At some point in Edward Ericson’s undergraduate career, his mentor advised him to go to graduate school.
“I had to go to the library and look it up: What did you do in graduate school?” recalled Ericson. “I didn’t know.”
It was an atypical start to a scholarly career, admits the longtime Calvin professor of English and this year’s recipient of the Faith and Learning Award from the Calvin Alumni Association. But Edward Ericson was not reared for scholarship: “I grew up in a devout but anti-intellectual home,” he claimed.
Ericson was reared on the south side of Chicago, playing baseball with his German, Jewish, Italian and Irish neighbors. He envied the Jewish kids, who got so many holidays off from school and pitied his Catholic teammates, who had to miss games for confirmation. “That’s what religious difference meant to us,” he said chuckling. What religion meant to Ericson was a fundamentalism that left no space for the life of the mind; he could never have imagined, he confessed, teaching college or writing a book.
That he did both, Ericson credits to the many people who encouraged him to pursue an academic career. He attended North Park Academy on a scholarship and completed three years at Milwaukee Bible College, then decided to study at Hope College because there was a church of his denomination located in Holland, Mich. There, Ericson met the mentor that pointed him toward graduate study. “For him, I think the matter verged away from free will and toward predestination,” he said, adding: “I did as I was told.”
Looking for adventure, Ericson applied to grad programs all over the country and landed at the University of Arkansas. “I was a teaching assistant at Arkansas with full classes under my control, and very quickly I realized I had found my niche,” he said. “This is what I should do.” Though his intent was to teach high school English, his mentor there insisted that he earn a PhD.
In 1963, when Ericson had completed his master’s degree, his alma mater called him, asking him to teach. He followed that call, too. “He was very thorough, very prepared, but also, as he confesses, terrified,” remembered his then student and now Calvin English professor Roy Anker. “I think he read all his lectures.”
Ericson taught three years at Hope and seven years at Westmont College in Santa Barbara, Calif., and spent a year as a National Fellow at the Hoover Institute—finishing his doctorate as he went. (The Westmont job was the only teaching position he ever applied for.) He was then asked to be the dean of academic affairs at Northwestern College in Iowa.
During his early career, Ericson was moving away from his anti-intellectual heritage—“What I did on Sunday, going to church, was a good thing. What I did on a Monday as a worker in culture was not”—and gradually and definitely into the Reformed tradition. The lectures of Francis Schaeffer, a frequent Northwestern visitor, helped him along.
Surveying the Christian academic scene with a Reformed perspective, Ericson thought Calvin was a good eventual destination for him. “But what chance was there of that?” he reminisced recently. “Calvin hired its own people.” Then, in 1977, Calvin came calling, and Ericson went.
He remembered: “For me it was a kind of test. …Was I good enough to be at a first-rate place like Calvin?”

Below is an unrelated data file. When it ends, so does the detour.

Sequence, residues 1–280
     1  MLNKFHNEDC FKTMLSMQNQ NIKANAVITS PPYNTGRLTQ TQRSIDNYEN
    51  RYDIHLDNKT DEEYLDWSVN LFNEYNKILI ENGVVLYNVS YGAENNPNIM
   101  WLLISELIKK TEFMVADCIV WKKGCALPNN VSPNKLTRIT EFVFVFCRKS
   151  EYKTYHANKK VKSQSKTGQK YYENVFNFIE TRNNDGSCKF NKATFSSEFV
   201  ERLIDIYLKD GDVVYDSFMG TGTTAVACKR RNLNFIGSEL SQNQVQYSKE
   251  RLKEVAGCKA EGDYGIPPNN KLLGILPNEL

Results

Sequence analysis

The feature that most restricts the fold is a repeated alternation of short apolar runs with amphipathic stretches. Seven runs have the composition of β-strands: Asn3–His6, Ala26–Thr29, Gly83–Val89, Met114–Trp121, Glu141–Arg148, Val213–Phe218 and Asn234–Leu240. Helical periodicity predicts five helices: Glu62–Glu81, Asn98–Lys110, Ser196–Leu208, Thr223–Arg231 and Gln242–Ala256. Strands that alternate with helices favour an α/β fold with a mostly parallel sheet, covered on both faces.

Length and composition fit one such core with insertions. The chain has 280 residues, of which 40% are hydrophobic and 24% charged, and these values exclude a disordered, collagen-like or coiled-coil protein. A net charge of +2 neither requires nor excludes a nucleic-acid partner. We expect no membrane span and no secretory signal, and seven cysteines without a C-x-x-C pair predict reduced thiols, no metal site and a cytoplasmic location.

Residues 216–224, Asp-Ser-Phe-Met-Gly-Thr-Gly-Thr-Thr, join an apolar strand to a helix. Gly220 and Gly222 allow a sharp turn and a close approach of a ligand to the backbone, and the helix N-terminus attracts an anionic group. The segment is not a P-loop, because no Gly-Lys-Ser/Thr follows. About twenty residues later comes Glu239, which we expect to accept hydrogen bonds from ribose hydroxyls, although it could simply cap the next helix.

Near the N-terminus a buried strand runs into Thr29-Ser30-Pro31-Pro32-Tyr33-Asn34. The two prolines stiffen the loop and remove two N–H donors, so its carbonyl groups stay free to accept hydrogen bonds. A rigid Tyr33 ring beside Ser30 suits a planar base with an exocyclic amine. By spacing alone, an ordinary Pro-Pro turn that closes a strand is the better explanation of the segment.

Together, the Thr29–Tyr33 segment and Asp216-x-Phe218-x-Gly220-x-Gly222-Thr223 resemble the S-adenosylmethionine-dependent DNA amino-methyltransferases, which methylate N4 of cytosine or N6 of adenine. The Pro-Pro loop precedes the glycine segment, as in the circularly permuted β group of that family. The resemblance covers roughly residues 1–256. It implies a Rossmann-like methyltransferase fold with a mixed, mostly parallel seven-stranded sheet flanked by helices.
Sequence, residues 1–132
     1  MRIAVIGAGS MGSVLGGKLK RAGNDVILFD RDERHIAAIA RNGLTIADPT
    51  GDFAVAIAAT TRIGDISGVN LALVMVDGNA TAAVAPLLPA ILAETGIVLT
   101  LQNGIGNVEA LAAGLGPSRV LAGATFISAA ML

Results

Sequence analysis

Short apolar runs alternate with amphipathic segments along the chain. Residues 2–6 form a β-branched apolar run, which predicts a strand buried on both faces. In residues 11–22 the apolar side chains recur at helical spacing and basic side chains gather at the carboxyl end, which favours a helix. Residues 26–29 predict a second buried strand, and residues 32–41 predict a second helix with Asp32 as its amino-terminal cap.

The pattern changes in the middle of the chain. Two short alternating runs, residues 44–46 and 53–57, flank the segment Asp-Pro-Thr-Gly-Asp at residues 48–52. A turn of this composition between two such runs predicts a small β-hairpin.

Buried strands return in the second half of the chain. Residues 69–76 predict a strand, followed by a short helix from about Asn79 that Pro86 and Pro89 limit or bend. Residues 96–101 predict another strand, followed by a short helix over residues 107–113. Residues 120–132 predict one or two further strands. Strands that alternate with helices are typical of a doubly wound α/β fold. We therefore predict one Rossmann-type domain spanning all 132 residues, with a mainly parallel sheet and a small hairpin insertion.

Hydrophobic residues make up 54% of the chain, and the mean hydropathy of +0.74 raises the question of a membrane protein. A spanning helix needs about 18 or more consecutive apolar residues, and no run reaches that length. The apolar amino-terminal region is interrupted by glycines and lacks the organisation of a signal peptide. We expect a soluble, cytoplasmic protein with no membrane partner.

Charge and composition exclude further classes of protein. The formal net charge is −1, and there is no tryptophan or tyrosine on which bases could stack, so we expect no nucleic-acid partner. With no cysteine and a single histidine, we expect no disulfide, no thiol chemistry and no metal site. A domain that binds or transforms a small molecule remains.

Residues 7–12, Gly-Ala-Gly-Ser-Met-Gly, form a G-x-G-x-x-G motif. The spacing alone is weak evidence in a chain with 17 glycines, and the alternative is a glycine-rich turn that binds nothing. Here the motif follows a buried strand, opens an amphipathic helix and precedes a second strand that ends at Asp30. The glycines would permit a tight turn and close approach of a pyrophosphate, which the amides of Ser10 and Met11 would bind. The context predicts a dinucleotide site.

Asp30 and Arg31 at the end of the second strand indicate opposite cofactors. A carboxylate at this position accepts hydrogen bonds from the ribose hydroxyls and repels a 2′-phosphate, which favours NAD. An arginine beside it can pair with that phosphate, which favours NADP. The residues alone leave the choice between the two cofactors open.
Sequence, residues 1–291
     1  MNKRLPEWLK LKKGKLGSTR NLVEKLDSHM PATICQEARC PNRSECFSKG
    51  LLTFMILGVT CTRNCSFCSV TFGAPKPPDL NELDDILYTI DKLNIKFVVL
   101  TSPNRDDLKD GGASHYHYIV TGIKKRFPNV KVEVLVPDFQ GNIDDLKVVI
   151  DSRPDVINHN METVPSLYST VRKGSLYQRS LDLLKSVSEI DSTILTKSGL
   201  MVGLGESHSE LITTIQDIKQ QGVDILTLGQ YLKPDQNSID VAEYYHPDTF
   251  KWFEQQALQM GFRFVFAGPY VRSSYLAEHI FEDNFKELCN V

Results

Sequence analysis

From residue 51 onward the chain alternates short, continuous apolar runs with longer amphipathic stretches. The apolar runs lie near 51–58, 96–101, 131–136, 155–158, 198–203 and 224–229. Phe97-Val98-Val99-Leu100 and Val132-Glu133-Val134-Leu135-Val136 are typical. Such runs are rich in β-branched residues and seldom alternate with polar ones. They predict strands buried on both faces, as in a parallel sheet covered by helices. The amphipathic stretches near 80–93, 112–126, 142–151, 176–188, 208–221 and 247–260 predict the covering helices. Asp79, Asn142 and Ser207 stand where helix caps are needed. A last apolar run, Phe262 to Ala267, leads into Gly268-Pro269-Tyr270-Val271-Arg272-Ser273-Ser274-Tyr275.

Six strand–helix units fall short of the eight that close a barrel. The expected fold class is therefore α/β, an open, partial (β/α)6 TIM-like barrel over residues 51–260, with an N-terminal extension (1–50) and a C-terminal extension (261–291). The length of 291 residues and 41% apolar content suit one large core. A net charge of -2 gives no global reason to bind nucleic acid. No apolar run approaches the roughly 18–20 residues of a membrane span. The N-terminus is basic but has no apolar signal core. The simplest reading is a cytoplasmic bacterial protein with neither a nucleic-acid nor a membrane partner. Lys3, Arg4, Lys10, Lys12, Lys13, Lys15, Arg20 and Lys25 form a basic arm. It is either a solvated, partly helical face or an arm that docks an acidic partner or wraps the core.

At Calvin, Ericson specialized in 17th-century literature. “Students felt he made the Renaissance come alive,” said English department chair William Vande Kopple.
“Ed appealed to a wide range of students, and his door was always well peopled,” testified English professor John Timmerman, who came to Calvin the same year as Ericson and who had an office next door to him for years. “Students can see in a second if you’re a fake or if you mean it—and they knew he cared,” Timmerman said. Over 26 years, many students have borne witness to the way Ericson nurtured them as scholars, readers, writers and as people. “I mentored them as I was mentored,” he said.
In 1977, Ericson followed a different kind of call, his own taste, and taught an interim in Russian literature. After the success of that class, he was approached by a student delegation that wanted him to teach a semester course on the same subject. “I’ve asked around and never heard of another course at Calvin which was offered because of a student petition,” Ericson said. He taught the course for years and also did pioneering scholarship in the field, collaborating with Aleksandr Solzhenitsyn on an abridgement of the Gulag Archipelago and writing several books on the author and others. And he has continued that scholarship, which includes speaking engagements, long past his 2003 retirement.
“He’s always had an independent intellect that goes where it will,” said Anker. “He doesn’t follow academic fashion. … He sees value in writers before they get popular.”
He once believed he had to deny his scholarly self to live as a person of faith. Later he was told by colleagues that his faith would inhibit the full expression of his scholarly self. The Reformed tradition, Ericson said, and Calvin, helped him to reconcile the scholar and the man of faith:
“Being a Christian was just too much of a part of my being—indeed, the central part—for me to be satisfied with having to suppress it. At Calvin … I did not have to keep any part of my deeper self under wraps … I was required to bring my mind to my work. But I could also bring my soul—my deepest commitments, all of my beliefs, my understanding of the nature of reality, my whole set of values—in sum, my heart along with my head.”
In short, said the scholar: “Calvin was a wonderful place for me.”
Edward Ericson and his wife, Jan, have two sons, Ed and Bill. Both are Calvin graduates.
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